Following high school, Avril—drained emotionally and physically—deferred college for a year and traveled to Japan. There, she enrolled in the Kodokan Institute, Tokyo’s elite judo school, and became a brown belt.
The next year, Haines started at the University of Chicago, where she studied theoretical physics. The male-dominated department was not welcoming to Haines. On her first day of class, a student questioned what she was doing there. “This is honors physics,” he said in a tone that insinuated she must have mistakenly entered the wrong classroom. Later during the semester, a professor took her aside to suggest that her mind might not be suited to physics. But she persevered and aced the class.
While in school, Haines took a job working for an auto mechanic in Hyde Park. She’d always been remarkably adept mechanically. As a kid in New York, she’d lugged home discarded TV sets and rewired their insides. In Chicago, she helped rebuild Subaru engines and restored old car parts retrieved from the auto graveyard.
During the summer between her sophomore and junior years, she was hit by a car while riding her bike. It was a serious accident, the effects of which cause her considerable pain to this day. While recuperating in the hospital and later during grueling traction sessions, she eased her pain by turning her mind to a dream she’d long harbored: buying an airplane and flying it to Europe.
The following summer, while back in New York, she enrolled in flying lessons in Princeton, New Jersey. She fell in love with her flight instructor, David Davighi, and not long after the course was over the couple traveled to Florida to hunt for a plane. They found a 1961 twin-engine Cessna 310 that needed work. Haines dove into rebuilding the plane’s aging avionics, and soon they were winging their way to Bangor, Maine, their launching point for Europe.
After outfitting the plane with extended-range fuel tanks, the couple took off late one summer afternoon, hoping to make it to England by the next day. But while flying over the North Atlantic, they began to take on ice. Soon they were losing altitude. The plane lost one engine, then the other. Gliding 1,000 feet over the ominous Labrador Sea, they considered the possibility of a daring water landing in between the waves. There was an eerie silence and a sense of being alone in the world.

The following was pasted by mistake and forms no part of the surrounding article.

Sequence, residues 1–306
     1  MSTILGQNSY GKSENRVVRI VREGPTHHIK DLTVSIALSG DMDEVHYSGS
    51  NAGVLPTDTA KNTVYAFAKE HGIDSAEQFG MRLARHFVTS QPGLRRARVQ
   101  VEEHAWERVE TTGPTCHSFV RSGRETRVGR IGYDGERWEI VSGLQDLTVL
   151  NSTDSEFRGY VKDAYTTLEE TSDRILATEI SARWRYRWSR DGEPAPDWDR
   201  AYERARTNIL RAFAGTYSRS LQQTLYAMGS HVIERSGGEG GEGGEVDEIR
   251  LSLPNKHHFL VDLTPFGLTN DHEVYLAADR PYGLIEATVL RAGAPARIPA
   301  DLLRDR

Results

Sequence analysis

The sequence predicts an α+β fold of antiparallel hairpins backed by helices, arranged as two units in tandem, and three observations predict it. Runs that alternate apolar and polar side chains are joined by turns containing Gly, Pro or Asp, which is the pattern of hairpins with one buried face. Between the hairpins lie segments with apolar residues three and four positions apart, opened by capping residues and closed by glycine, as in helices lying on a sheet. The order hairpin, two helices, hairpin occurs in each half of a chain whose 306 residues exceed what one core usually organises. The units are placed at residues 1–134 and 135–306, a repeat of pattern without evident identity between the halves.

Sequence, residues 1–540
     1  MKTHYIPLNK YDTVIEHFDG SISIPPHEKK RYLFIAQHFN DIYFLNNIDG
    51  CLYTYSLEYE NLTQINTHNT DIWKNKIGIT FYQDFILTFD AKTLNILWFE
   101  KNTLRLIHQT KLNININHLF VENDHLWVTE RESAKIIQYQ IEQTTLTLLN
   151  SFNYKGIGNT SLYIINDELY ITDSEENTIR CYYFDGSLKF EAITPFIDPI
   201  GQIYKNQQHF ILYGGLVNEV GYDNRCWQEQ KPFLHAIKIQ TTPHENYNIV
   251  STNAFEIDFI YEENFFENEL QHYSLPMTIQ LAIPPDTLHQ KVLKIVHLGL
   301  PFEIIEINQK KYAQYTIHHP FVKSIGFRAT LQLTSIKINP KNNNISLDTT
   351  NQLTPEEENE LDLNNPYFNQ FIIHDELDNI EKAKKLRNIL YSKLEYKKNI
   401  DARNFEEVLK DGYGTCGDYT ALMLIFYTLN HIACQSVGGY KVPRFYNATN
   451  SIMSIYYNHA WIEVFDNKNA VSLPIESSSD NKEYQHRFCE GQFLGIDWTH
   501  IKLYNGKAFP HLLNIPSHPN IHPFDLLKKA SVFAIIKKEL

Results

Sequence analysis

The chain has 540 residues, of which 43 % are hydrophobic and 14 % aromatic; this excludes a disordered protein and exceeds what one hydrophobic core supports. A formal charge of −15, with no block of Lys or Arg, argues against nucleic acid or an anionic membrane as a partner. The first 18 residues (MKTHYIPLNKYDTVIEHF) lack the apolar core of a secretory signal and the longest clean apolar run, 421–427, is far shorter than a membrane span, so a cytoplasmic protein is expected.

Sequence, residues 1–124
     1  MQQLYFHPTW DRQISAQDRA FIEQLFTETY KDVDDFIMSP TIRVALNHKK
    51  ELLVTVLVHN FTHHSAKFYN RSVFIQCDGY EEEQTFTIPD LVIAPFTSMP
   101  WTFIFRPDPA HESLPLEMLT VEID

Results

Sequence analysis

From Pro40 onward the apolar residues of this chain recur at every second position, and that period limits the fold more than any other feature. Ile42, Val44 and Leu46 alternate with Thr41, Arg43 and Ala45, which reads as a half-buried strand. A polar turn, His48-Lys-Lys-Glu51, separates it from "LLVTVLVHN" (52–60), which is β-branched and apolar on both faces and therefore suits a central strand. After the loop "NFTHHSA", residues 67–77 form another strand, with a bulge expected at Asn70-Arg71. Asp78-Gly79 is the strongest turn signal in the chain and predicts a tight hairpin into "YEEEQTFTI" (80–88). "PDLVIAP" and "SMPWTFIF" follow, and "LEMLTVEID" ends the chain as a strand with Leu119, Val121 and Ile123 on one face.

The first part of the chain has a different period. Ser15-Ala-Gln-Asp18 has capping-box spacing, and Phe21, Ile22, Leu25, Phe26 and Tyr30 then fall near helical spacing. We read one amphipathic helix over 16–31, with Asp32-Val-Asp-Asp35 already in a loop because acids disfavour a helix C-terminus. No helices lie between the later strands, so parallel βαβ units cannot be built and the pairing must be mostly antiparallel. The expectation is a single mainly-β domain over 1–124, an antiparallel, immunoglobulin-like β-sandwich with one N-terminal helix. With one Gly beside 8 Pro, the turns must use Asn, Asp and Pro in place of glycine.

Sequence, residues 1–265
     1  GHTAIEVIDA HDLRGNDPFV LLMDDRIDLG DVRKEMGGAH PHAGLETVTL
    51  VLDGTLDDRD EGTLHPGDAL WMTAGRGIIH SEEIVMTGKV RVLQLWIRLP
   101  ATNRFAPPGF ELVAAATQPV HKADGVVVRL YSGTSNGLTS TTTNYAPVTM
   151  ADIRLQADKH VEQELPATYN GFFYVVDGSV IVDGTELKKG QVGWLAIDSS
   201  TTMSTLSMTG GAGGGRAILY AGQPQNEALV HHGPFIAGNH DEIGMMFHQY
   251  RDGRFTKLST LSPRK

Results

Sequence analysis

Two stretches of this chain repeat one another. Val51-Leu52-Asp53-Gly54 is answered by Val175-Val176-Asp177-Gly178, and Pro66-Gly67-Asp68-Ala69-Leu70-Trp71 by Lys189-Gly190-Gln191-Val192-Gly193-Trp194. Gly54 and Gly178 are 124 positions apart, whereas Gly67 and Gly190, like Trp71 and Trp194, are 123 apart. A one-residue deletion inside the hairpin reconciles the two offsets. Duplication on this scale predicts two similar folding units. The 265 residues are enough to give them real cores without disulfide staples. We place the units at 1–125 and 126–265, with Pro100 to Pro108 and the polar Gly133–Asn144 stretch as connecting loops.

Then, through the fog, they saw land. It was the edge of the Newfoundland coast, rocky and inhospitable. By now, one of the two engines had sputtered back to life. Miraculously, they spotted a small, isolated airport where they were able to land the plane. Socked in by bad weather, they were taken in for a week by the delighted residents of a remote town.
Though Haines and Davighi never made it to Europe, the harrowing experience had sealed their romance. Davighi followed Haines to Chicago for her last year in college, and in 1992 the two settled on moving to Baltimore, where he had found a job as a commercial aviator and she planned to pursue a doctorate in physics at Johns Hopkins. But fate and Haines’s flair for new challenges intervened once again. She and her husband learned about an old bar in the then-transitional neighborhood of Fells Point, which had been seized in a drug bust and was being auctioned off by the feds (the bar’s upstairs had been a whorehouse). The opportunity stoked another one of Haines’s dreams: ever since she befriended a curmudgeonly bookstore owner in her New York neighborhood, she had wanted to open her own independent bookstore and café.